Posts Tagged ‘resolute’

Russia to Resolute: explorers plan to drive over top of the world to North Pole

February 20, 2011

Original article here

A group of Canadian and Russian explorers will set out to make history this week by driving from Russia to Canada over the North Pole.

Yes, driving.

“It’s the first time … someone will be crossing the Arctic Ocean with a wheel-based vehicle,” said Mikhail Glan, a Russian emigre living in Vancouver. “It’s a very interesting project.”

The eight-member Polar Ring team, which includes two Canadians, is to leave Thursday from an island in the Russian Arctic and roll straight north until it hits the pole. The team will then gas up and take on supplies at an ice camp used by tourists before heading south to Resolute, Nunavut.

“We plan to drive from Russia to the North Pole … Then we’ll drive all the way to Resolute Bay,” Glan said from Moscow. “It’s pretty simple.”

Simple, that is, until you consider that the trip is expected to take about four months and cover 7,000 kilometres in one of the most forbidding parts of the planet — nearly half of it sea ice.

At the North Pole, the sun won’t even rise until March 19. The average temperature is -34 C.

And while southern lakes may freeze into easily crossed white tabletops, the Arctic Ocean does anything but. The thick ice shifts and moves with winds and currents, throwing up huge ridges when pans bump together and leaving wide stretches of frigid, open water when they don’t.

This year is likely to be even tougher than most. There’s less ocean covered by ice now than there has been in any winter since satellite records began.

“There could be lots of open water,” said Glan. “We’re not sure that it will freeze. Most probably not, so we need to drive around.”

But that’s OK. The ice buggies can float.

“We can cross pretty big pieces of open water, but it definitely will slow us down. We hope that the weather will be more or less friendly.”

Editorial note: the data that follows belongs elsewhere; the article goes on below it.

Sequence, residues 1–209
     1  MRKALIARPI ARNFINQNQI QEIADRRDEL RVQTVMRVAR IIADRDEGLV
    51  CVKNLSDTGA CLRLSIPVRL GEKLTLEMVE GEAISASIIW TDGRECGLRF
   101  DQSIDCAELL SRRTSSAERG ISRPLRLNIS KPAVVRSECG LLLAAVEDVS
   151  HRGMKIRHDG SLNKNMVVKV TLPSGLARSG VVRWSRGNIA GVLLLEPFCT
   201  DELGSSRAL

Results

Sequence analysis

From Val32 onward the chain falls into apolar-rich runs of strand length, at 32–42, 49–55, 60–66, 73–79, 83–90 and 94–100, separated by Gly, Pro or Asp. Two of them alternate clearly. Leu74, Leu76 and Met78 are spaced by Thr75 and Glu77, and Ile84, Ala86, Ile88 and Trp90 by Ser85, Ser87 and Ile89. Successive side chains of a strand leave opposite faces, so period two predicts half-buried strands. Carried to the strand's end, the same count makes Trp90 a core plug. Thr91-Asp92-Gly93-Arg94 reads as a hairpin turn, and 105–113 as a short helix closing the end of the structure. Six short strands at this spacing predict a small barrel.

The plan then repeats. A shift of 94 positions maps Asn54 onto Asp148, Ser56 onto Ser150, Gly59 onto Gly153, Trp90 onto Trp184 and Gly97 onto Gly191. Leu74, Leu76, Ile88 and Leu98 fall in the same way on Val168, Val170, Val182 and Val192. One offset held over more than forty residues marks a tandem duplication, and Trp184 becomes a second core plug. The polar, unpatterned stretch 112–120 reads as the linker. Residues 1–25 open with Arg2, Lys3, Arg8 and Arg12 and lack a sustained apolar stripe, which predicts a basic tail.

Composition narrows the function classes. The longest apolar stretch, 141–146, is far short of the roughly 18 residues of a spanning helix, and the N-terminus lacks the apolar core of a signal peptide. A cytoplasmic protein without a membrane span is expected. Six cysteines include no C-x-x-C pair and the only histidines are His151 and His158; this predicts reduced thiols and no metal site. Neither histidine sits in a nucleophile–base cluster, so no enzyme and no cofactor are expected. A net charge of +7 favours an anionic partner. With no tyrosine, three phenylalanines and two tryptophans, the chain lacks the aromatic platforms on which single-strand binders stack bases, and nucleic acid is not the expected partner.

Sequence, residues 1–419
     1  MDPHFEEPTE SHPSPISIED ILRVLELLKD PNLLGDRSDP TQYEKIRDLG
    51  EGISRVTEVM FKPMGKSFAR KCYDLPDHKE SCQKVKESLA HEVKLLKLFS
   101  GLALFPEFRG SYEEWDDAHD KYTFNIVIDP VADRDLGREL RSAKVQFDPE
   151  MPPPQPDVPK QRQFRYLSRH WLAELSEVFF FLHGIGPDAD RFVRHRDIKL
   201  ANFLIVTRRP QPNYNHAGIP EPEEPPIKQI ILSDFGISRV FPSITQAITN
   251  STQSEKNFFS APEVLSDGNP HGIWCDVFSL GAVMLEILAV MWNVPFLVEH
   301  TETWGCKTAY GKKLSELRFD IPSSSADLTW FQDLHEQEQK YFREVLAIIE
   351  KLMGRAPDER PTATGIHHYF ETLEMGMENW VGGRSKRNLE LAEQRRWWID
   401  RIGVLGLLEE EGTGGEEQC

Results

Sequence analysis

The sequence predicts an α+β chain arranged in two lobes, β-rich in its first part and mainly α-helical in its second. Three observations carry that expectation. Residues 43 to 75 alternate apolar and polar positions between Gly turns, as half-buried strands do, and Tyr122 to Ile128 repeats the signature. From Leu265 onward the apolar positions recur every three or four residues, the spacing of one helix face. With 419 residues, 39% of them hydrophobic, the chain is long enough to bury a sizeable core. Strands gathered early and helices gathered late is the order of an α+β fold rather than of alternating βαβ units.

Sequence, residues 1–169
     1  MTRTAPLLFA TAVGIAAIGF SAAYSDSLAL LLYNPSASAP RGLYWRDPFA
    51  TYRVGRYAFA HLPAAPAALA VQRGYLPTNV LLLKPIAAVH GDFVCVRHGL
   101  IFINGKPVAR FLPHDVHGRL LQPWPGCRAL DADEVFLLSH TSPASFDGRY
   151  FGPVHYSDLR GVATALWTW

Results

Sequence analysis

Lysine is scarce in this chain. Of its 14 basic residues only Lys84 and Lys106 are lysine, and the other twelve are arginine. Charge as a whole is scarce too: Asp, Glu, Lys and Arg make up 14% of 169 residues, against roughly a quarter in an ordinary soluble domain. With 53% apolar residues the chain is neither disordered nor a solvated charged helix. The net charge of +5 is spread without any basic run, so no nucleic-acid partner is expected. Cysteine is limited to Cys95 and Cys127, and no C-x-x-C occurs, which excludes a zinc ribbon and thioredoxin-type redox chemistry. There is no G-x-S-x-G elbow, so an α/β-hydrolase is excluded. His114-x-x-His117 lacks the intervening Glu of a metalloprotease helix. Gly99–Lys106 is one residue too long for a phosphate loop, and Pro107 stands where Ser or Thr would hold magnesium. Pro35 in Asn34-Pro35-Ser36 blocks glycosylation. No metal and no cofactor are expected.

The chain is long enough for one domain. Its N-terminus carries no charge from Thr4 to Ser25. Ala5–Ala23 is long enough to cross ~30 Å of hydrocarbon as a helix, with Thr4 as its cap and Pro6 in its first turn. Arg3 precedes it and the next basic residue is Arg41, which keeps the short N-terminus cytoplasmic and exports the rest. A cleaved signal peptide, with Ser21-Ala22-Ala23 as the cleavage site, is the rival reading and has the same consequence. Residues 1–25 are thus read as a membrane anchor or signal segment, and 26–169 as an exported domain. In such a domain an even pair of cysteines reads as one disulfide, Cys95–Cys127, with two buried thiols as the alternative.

The buggies are an entirely new design, Glan said.

Other drive-the-sea-ice expeditions have used vehicles that are heavy and tank-like. A 2009 group drove modified U.S. military Humvees between the Nunavut communities of Kugluktuk and Cambridge Bay. Polar Ring’s vehicles, powered by nine-litre diesel engines, are relatively light, and look like beefed-up, closed-in dune buggies with gigantic balloon tires.

Proving the worth of those vehicles is one of the reasons for the trip. Glan said a successful drive would demonstrate that wheeled transportation could be an efficient way to get around in the High Arctic — useful to everyone from scientists to resource companies to search-and-rescue teams.

The Polar Ring members, who will post their progress on the web, will also take myriad scientific measurements and track polar bears.

But Glan said one of the main reasons for the trip is to get people excited about the Arctic and Arctic exploration. The Russia-to-Resolute drive is one leg in a multi-year project to retrace the steps of early explorers and to link circumpolar nations with a thin strand of tire tracks on the ice.

“It will help to promote activities in the Arctic and maintain interest in that,” Glan said. “It helps attract attention to the history of Arctic exploration.

“Our goal is to promote it to attract attention, to make it interesting for people. This is a good eye-catcher.”

Those aren’t the only reasons to go, of course.

“Some people ask, ‘Why do you want to do that?’ Other people, they don’t have to ask,” said Glan.

“It’s exploration. It’s adventure. It’s a great thing.”

The team, funded by a variety of Russian corporations and foundations, hopes to arrive in Resolute by late May or early June.It plans to complete the circle in 2014 by driving from Resolute along the Alaskan coast back to Russia.

Glan said Polar Ring has filled in all the necessary paperwork to cross the border into Canada.

Content Provided By Canadian Press.

 

Canada flexes military muscle: arctic sovereignty Operation NANOOK

August 11, 2010